DHEA is most commonly used by individuals over 40 to help restore the natural age-related decline of this vitally important pro-hormone. It’s reportedly shown to increase sexual energy in both men and women and may even help alleviate male impotence. Recently, it’s been used by some younger individuals to help raise testosterone production, which may help increase strength and muscle mass. DHEA isn’t for everyone, but it’s probably safe to say that the older you are, the more likely your body lacks adequate amounts and the more likely for DHEA supplementation to be beneficial.
DHEA is produced naturally in the brain, skin, and adrenal glands. And, DHEA supplements are produced commercially from wild yams (Dioscorea); however, this process requires a laboratory and six to eight complicated chemical reactions. In other words, our bodies are not able to separate the DHEA from wild yam.
While DHEA seems more appealing to aging adults, there is some belief that certain conditions may make it useful for younger people. For example, high-intensity training — especially overtraining — can deplete the body of testosterone. (Remember, DHEA is a precursor to testosterone.) Also, former steroid users often have lowered levels of natural DHEA because their natural production has shut itself off.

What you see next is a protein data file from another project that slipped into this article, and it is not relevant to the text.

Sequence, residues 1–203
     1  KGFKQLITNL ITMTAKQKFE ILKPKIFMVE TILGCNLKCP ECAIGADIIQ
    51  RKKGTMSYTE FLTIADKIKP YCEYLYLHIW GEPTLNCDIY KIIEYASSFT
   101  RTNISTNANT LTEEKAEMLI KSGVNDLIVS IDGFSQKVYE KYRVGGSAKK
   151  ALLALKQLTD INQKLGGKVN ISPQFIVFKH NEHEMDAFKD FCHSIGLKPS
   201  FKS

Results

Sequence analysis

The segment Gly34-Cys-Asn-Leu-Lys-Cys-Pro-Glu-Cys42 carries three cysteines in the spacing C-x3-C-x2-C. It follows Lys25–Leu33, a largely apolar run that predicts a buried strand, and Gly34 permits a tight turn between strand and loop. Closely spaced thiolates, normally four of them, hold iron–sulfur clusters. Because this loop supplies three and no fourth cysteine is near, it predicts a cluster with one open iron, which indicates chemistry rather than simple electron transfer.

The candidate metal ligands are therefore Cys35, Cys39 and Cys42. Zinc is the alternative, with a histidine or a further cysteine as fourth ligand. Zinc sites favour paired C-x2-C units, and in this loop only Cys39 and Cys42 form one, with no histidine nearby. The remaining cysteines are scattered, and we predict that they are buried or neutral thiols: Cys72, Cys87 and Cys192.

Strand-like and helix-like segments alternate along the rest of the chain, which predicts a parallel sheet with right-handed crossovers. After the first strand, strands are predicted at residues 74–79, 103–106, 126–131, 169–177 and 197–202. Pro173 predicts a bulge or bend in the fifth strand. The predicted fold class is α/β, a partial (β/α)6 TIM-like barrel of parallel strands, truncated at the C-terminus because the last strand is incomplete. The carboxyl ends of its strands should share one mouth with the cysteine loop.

Although dietary deficiencies do not exist, age deficiencies (arising from the inability to synthesize DHEA within our bodies) may cause a supplemental need for DHEA. Natural DHEA production peaks in our bodies at about the age of 25, when it then begins to diminish quite rapidly until the age of about 60 when our bodies produce only about 10 percent of their previous, youthful levels.
Research indicates that DHEA may be useful in the treatment of:
DHEA serves an array of functions within our bodies, including sexual maturation, erectile function, fat metabolism, immune activation, and cellular energy production. Although a great number of research studies have been conducted on DHEA, little is known as to exactly “how” it actually works in the human body. What is known, however, is that it does have varying degrees of effects on both men and pre- or post-menopausal women. Beyond supporting natural testosterone levels, DHEA could be especially useful for older adults whose natural levels of DHEA have greatly diminished with age.
DHEA is the primary sex hormone produced by the adrenal glands and is sometimes called the “mother hormone” because it’s a precursor to many hormones our bodies need. The raw material for testosterone, estrogen, progesterone, and corticosterone, DHEA is, in fact, the most abundant steroidal hormone produced in the body. More loosely stated, as it “floats” through our bloodstreams, DHEA is converted as needed by the body into these other essential hormones.